At the beginning of this month, the IAB’s Tech Lab announced the release of the final Version 1.0 specification Ads.txt, which aims to help prevent inventory spoofing and unauthorized sellers.
Here’s what publishers and advertisers need to know about Ads.txt.
Ads.txt allows publishers to broadcast a list of authorized sellers of their ad inventory
The idea behind Ads.txt, which stands for Authorized Digital Sellers, is simple: by providing publishers with a means to tell the world who is authorized to sell their ad inventory, the digital ad ecosystem will get a much-needed boost of transparency that can help weed out scammers engaged in ad fraud.
The Ads.txt format is equally simple: an ads.txt file is hosted on publishers’ websites and contains a comma-delimited list of four fields (three required and one optional) and one record per line.
For example, a publisher, example.com, to show that it has authorized a reseller, somessp.com, to sell its inventory would include the following on a single line in its ads.txt file:
somessp.com, 12345, RESELLER
The IAB has built a crawler that the media buying ecosystem can use
The IAB is providing an open-source reference implementation for an Ads.txt crawler. This can be used by media buyers to create their own crawlers to pull Ads.txt data and incorporate it into their bidding systems.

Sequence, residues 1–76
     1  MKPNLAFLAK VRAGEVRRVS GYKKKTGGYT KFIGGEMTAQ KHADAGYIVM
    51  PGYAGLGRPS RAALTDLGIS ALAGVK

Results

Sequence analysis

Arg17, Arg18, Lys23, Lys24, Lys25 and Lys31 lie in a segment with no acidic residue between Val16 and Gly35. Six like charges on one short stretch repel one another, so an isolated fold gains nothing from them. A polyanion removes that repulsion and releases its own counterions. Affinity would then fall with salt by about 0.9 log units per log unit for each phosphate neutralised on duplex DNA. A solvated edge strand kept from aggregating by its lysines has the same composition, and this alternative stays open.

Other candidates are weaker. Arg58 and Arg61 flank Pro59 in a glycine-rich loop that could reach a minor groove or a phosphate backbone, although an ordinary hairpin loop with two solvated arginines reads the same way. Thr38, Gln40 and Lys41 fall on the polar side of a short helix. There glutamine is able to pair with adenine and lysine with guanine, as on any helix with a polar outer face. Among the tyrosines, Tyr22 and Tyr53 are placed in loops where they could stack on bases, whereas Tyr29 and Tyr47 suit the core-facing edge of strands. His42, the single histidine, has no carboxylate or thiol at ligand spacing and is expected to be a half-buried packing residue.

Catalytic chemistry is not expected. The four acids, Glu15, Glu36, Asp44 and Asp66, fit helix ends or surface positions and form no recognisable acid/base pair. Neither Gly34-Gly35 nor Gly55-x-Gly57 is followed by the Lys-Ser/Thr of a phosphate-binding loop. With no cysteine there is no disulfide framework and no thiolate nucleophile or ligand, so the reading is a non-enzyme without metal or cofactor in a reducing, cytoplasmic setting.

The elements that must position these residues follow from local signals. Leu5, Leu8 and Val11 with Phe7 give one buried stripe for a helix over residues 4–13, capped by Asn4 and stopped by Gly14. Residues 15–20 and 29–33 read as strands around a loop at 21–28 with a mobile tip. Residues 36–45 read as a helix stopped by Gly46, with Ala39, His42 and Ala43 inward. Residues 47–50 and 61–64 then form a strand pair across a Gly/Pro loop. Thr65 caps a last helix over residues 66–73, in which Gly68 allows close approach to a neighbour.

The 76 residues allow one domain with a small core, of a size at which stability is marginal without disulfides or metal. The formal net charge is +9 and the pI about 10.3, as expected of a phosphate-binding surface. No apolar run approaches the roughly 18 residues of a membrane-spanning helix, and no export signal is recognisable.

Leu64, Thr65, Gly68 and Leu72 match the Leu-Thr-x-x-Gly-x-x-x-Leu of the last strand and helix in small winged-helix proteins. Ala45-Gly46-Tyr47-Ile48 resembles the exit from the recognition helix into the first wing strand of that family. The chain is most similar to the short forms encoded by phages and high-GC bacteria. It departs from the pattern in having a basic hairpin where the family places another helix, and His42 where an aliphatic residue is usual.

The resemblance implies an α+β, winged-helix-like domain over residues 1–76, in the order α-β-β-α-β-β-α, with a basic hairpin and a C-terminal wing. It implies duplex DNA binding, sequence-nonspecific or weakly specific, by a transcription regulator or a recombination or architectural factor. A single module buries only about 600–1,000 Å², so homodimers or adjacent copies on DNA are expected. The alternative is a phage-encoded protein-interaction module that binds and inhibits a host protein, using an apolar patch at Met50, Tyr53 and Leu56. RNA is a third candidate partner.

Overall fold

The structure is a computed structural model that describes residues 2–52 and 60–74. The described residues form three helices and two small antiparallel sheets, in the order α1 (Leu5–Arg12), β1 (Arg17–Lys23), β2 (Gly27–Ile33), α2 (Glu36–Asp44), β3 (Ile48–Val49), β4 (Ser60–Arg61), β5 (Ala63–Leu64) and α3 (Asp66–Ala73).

Lots of companies have voiced support for it
Ad firms including Google, AppNexus, Rocket Fuel and The Trade Desk, as well as publishers like Business Insider, have voiced their support for Ads.txt.
According to Scott Spencer, Google’s Director of Sustainable Ads, “It’s great to see the industry moving quickly to address the issue of counterfeit inventory with Ads.txt. Google fully supports ads.txt, and with a finalized spec, we’ll begin integrating Ads.txt functionality into all our ads systems to make sure advertisers’ spend reaches the intended publishers.”
Ads.txt’s success will require mass adoption
While the initial support for Ads.txt looks promising, for it to become a truly powerful weapon in the fight against ad fraud, large percentages of both publishers and media buyers will need to follow through in adopting it. For example, if enough publishers don’t adopt Ads.txt, or a meaningful percentage of media buyers fail to take advantage of Ads.txt in their bidding, the specification will be for naught.
On the media buying side, a June article published by AdExchanger reported that “no buyers that AdExchanger spoke to had immediate plans to implement campaigns using ads.txt.”
According to Melissa Bonnick, VP of programmatic strategy at Havas Group’s programmatic trading desk Affiperf, “We will be paying attention to who starts to implement ads.txt.” Translation: we’re not going to incorporate Ads.txt into our bidding until there’s a good enough reason to do so.
There are reasons some publishers might not adopt Ads.txt
While Ads.txt is relatively easy for publishers to adopt, there are a number of reasons that some publishers might not opt to do so.
One of the biggest: even though transparency is a good word in the digital advertising ecosystem today, when push comes to shove, some publishers are likely to be uncomfortable letting the world know who is selling their inventory.